Did Juneau That Early May Isn’t the Best Time to Visit Alaska?

I was looking forward to coming home after 12 days in Alaska with stories about exploring Kenai Fjords National Park, backpacking Denali NP, advice about the best trails and gear, and what I learned while hiking in the snow.

Alaska Airlines Plane Wing

As luck would have it, our trip was nothing like we had hoped; so unfortunately, that means the best advice I have for planning a trip to Alaska is primarily a list of don’ts:

  • DON’T visit in April/early May
  • DON’T bring only one pair of hiking boots (even if they’re “guaranteed” to be winter/waterproof)
  • DON’T expect beautiful, clear weather anytime you visit Alaska
  • DON’T assume parks or tours or attractions will open sooner because the weather is warming up earlier than usual
  • DON’T look at the weather forecast once and trust that’s what it’ll be. We learned quickly that Alaska weather has a mind of its own. One hour the forecast can call for clear skies while the next hour you’re expecting rainfall for the next five days.
  • DON’T discredit the idea of leaving early if you’re not enjoying yourself or your trip isn’t going as planned

And a couple of dos:

  • DO your research before you start planning your trip
  • DO contact companies ahead of time to verify they are open for business – even if their website says they are
  • DO absolutely maximize on your time when you find yourself with clear skies

I know that last “don’t” may sound absurd. It did to me at first too. But then I got to thinking about the vacation time I was using and the additional money I’d be spending to half-ass what was supposed to be a trip of a lifetime. And I’d much rather save my leave and money to return during the summer season so I can whole-ass my time in Alaska.

Byron Glacier

We hiked to Byron Glacier, an easy 1.4 mile hike. With the snow it proved to be a tad more difficult than expected and a recent avalanche covered the entrance to the glacier’s ice caves but it was still mega cool to hike a glacier.

When it wasn’t cloudy and we could see the mountains every sight to be seen was absolutely incredible. Even views with low clouds obstructing the majority of what was to be seen was beautiful. But clear, cloud-free, beautiful sights were few and far between.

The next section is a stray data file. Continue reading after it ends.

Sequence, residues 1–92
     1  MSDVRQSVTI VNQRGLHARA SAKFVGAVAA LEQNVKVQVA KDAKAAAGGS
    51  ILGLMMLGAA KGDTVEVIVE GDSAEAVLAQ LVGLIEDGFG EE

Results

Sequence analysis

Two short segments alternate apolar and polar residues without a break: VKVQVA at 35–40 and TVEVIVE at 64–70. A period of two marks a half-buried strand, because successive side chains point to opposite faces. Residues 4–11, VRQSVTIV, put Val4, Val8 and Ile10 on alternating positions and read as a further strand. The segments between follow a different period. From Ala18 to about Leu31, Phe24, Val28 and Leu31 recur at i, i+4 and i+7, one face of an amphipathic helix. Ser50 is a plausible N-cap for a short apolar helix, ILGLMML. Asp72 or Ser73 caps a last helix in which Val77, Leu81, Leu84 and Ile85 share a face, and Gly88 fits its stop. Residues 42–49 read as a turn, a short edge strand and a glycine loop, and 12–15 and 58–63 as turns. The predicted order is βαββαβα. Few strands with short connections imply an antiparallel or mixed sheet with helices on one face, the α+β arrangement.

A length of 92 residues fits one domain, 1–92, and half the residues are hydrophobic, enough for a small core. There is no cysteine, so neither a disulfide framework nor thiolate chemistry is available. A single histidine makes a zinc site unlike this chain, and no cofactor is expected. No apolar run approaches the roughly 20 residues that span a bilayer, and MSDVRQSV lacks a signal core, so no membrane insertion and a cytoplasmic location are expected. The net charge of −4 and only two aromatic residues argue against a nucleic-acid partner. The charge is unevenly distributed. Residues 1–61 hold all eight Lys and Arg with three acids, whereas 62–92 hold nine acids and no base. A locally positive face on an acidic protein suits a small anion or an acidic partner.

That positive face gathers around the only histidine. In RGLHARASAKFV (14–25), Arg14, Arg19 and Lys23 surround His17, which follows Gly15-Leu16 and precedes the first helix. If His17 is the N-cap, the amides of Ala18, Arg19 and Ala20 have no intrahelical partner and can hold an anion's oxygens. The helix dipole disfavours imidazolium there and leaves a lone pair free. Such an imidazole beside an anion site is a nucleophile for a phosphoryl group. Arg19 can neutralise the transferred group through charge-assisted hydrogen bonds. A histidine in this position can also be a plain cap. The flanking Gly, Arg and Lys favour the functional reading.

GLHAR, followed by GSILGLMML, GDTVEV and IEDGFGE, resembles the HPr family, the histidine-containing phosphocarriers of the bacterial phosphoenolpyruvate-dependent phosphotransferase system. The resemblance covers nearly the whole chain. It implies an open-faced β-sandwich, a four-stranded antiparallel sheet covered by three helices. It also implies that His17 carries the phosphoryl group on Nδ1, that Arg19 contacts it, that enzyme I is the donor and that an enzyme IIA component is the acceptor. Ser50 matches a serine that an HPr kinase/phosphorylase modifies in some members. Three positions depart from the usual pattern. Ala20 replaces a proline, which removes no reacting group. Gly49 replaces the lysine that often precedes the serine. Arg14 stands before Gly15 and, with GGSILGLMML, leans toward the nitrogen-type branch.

Glen Alps Viewpoint

Glen Alps Trailhead is a great sightseeing viewpoint in Anchorage to see more mountains and less city

Cloudy skies weren’t the make-it-or-break-it factor that led to our decision to leave early. You can visit Alaska in the middle of June and end up with rainy, cloudy weather for two weeks straight. No, in addition to the bad weather, high avalanche potential, poor research on our part, and trusting in one person’s past experiences instead of well-documented trends, we visited during “mud season” – the short period between winter and summer when most tour companies are closed as they get ready for the upcoming season. In 2018, the Anchorage/Girdwood ski season ended 22 April and the activities we were looking forward to – ocean kayaking around glaciers, whale watching, and dog-sledding – were unavailable until 11 May or later, despite being advertised as available on their websites. As luck would have it, we booked our trip for 27 April to 7 May, which explains why our plane tickets were so affordable and why we only paid $128 for an 11 day Enterprise car rental.

And although it was warming up it wasn’t enough for the path to Exit Glacier in Kenai Fjords National Park or the George Parks Highway in Denali National Park to open for hikers or personal vehicles.

So after promising ourselves we’d come back one day during the summer season we flew home a week early. That’s not to say when we got home we weren’t worried the universe would punish us by blessing Alaska with perfect weather for the remainder of our original trip. But the forecast continued to range from glum and dreary to super glum and dreary… #NOREGRETS

It stinks that Marta and I didn’t get the Alaskan experience we were hoping for but we still got to visit ALASKA, we ate reindeer, we tried the country’s best Coffee Stout at Girdwood Brewing Company, saw more mountains than I’ve seen in my life, learned the process and absurd hassle traveling with a firearm (bear protection) entails, and we got to test out some of our winter hiking gear – even though it was only one hike.

If I had the chance, would I do it again? No. But I’m grateful for the lessons learned and the ability to share my experience so others (hopefully) won’t make the same traveling faux pas. If you want to see what we had planned for twelve days in Alaska I’ll be sharing a new post soon with our original itinerary, links, and additional information.

What’s the most valuable thing you’ve learned while traveling? Have you ever ended a trip early or moved onto a new destination sooner than originally planned when things weren’t going your way?

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